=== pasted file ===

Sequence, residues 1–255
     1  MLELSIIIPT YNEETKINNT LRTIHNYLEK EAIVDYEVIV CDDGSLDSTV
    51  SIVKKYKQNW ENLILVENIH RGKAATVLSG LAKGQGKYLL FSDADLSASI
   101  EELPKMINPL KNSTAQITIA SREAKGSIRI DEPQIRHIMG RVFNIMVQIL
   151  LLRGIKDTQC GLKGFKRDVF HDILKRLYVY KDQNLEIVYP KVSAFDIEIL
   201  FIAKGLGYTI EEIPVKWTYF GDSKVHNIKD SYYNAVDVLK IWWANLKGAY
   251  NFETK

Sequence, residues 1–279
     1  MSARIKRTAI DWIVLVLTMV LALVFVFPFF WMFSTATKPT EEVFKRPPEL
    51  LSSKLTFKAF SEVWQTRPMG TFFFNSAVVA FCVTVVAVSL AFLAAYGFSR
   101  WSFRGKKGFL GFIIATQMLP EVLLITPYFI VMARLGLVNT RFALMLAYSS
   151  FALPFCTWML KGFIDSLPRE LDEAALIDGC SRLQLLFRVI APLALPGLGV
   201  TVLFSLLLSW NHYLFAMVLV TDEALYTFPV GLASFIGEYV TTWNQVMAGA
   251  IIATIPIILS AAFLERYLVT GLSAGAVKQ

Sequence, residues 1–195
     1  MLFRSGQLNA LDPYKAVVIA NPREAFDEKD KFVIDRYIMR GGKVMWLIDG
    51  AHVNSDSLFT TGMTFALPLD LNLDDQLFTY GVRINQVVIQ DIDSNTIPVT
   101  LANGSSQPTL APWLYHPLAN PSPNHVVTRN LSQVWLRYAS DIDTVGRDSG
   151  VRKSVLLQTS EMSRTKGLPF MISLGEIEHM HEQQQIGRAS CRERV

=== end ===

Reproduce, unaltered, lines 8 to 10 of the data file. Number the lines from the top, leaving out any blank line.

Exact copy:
Sequence, residues 1–279
     1  MSARIKRTAI DWIVLVLTMV LALVFVFPFF WMFSTATKPT EEVFKRPPEL
    51  LSSKLTFKAF SEVWQTRPMG TFFFNSAVVA FCVTVVAVSL AFLAAYGFSR